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Multiple Packer Techniques for In Situ Stress Measurement in Hard Soils-Soft Rocks Open Access


Other title
Caprock Integrity
Micro-hydraulic fracturing
In Situ Stress Measurement
Hard Soils-Soft Rocks
Packer pressure transmissibility
Fluid-structure interaction analysis
XFEM technique
Type of item
Degree grantor
University of Alberta
Author or creator
Shafie Zadeh, Nadia
Supervisor and department
Chalaturnyk, Rick (Civil and Environmental)
Examining committee member and department
Eberhardt, Erik (Earth, Ocean& Atomospheric Sciences)
Sanders, Sean (Chemical)
Hendry, Michael (Civil and Environmental)
Deng, Lijun (Civil and Environmental)
Askari-Nasab, Hooman (Civil and Environmental)
Department of Civil and Environmental Engineering
Geotechnical Engineering
Date accepted
Graduation date
2016-06:Fall 2016
Doctor of Philosophy
Degree level
Caprock Integrity analysis is the most critical stage in any thermal enhanced oil recovery (EOR) project. One of the primary input data for conducting a reservoir-geomechanical analysis to assess the mechanical and hydraulic integrity of the caprock is the in situ stress state within the caprock. Among the methods that have been developed for in situ stress measurements, micro-hydraulic fracturing has been extensively applied by the petroleum industry. A common technique to carry out stress tests in impermeable and weak rocks like clay shale is to combine sleeve fracturing with the micro- fracturing test. The initial sleeve fracturing stage is intended to avoid premature initiation of a fracture at the packer level. Interpretation of data using this method, however, reveals illogical magnitudes of the minimum stress in hard soil-soft rock such as clay shales, at least for tests conducted in northeastern Alberta. Two micro-hydraulic fracturing tests conducted in two different projects: one shallow SAGD project and one CSS project, are analyzed in this research. Comprehensive analyses and characterization of Clearwater clay shale completed and through the use of an inverse analysis technique, constitutive parameters for a modified Cam Clay model were selected. For the CSS project, the paucity of laboratory data on the clay shales of the Joli Fou Formation required the development of a unique tool for calibration and optimization of its geomechanical properties. The rate of excess pore pressure development or drainage conditions during the sleeve fracturing test have been studied to better understand how permeabilities and loading rate influence packer-induced stresses during sleeve fracturing test. This research also includes the evaluation of the pressure transmissibility of the packer elements both analytically and numerically during hydraulic fracturing test and the optimal pressure regarding the relevant internal pressure to maintain an efficient seal to prevent leakage and unsuccessful test ` iii introduced. Fluid-structure interaction analyses using a co-simulation technique was conducted to evaluate the principal stress components of caprock in both SAGD and CSS projects. Finally, the main source issue of unreliable micro hydraulic fracturing test data conducted in hard soil- soft rock diagnosed using the simulation of the fracture mechanism, XFEM technique and the analyses gained from the fracture behavior studies provided valuable insight into the modified suggested method.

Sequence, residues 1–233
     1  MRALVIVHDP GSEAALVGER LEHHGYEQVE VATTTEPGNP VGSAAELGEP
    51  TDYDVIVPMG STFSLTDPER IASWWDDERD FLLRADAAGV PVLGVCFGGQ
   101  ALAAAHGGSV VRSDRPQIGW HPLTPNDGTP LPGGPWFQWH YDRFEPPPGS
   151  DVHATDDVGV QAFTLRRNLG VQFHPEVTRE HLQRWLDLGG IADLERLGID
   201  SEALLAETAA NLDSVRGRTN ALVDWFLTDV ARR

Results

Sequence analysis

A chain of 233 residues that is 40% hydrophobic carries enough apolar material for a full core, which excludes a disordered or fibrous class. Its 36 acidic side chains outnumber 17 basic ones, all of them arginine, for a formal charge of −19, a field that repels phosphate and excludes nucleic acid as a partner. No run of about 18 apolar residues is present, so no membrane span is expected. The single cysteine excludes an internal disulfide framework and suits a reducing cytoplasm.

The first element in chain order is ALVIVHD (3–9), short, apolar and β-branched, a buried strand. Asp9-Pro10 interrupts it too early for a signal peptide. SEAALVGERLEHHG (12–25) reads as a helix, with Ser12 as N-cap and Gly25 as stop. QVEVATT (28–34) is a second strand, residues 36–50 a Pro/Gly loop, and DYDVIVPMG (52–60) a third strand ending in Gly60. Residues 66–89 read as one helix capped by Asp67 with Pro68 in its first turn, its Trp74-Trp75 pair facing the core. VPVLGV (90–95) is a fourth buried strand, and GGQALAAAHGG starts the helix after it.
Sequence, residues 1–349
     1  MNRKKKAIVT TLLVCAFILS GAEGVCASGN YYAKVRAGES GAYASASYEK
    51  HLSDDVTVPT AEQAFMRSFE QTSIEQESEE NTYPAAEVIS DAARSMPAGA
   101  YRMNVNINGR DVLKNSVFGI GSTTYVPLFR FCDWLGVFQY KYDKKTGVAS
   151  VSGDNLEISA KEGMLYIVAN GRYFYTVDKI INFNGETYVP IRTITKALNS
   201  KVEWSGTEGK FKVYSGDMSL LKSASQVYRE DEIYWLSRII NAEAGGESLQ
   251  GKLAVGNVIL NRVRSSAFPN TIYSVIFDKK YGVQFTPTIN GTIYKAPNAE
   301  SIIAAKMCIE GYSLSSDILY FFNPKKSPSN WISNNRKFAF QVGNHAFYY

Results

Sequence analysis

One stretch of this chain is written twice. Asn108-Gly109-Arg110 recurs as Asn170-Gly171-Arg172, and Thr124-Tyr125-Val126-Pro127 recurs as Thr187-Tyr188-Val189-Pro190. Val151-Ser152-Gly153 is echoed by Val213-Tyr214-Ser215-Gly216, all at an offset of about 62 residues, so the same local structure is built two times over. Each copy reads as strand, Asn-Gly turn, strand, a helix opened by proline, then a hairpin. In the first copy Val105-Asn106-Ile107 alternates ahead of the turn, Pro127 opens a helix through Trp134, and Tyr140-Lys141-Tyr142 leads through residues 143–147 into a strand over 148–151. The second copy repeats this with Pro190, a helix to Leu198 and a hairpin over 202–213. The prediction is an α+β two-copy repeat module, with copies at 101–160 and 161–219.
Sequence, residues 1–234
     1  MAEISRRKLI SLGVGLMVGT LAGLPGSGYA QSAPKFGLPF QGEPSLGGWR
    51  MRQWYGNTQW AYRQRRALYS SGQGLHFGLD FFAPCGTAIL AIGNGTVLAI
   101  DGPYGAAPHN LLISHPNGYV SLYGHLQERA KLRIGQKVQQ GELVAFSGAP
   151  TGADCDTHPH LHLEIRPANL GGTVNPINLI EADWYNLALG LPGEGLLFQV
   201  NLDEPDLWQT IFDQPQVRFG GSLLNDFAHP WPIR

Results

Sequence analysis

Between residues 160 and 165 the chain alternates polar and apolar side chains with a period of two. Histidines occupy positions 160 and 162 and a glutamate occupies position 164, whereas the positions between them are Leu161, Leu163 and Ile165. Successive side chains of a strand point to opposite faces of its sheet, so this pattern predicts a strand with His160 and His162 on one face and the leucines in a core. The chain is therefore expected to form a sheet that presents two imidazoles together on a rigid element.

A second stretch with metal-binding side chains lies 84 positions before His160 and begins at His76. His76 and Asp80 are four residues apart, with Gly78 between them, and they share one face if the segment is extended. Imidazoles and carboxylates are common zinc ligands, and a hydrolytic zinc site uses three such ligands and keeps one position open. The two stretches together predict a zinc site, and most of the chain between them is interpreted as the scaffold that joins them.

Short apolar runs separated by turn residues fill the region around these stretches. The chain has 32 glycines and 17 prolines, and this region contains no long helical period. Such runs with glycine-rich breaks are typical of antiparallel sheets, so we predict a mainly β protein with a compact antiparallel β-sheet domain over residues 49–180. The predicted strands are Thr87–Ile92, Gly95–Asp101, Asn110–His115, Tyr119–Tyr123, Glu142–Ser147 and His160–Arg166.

This thesis is made available by the University of Alberta Libraries with permission of the copyright owner solely for the purpose of private, scholarly or scientific research. This thesis, or any portion thereof, may not otherwise be copied or reproduced without the written consent of the copyright owner, except to the extent permitted by Canadian copyright law.
Citation for previous publication
Shafie Zadeh, N., Chalaturnyk, R.J., 2015, " Geotechnical Characterization of Clearwater Clay Shale and Comparison of the Properties With Other Cretaceous Clay Shales in North America", JCPT, Vol. 54, Issue:06,
Zadeh, N. and Chalaturnyk, R., 2014, Interpretation Challenges for In Situ Stress from Mini-Frac Tests in Soft Rocks/Hard Soils. Shale Energy Engineering 2014: pp. 298-309. doi: 10.1061/9780784413654.032

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